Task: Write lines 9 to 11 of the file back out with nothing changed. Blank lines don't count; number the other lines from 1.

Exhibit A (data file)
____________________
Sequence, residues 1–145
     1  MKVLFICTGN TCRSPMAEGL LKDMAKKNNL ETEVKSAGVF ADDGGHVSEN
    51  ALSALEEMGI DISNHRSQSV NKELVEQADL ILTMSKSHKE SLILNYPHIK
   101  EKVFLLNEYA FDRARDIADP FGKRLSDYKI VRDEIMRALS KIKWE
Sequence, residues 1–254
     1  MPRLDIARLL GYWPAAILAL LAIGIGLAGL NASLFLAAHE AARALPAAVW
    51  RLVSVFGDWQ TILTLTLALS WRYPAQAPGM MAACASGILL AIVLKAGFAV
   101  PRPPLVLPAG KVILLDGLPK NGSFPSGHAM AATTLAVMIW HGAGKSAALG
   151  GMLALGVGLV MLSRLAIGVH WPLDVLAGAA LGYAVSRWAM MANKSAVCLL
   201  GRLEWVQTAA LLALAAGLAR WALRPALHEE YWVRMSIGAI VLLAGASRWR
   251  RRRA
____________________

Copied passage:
   151  GMLALGVGLV MLSRLAIGVH WPLDVLAGAA LGYAVSRWAM MANKSAVCLL
   201  GRLEWVQTAA LLALAAGLAR WALRPALHEE YWVRMSIGAI VLLAGASRWR
   251  RRRA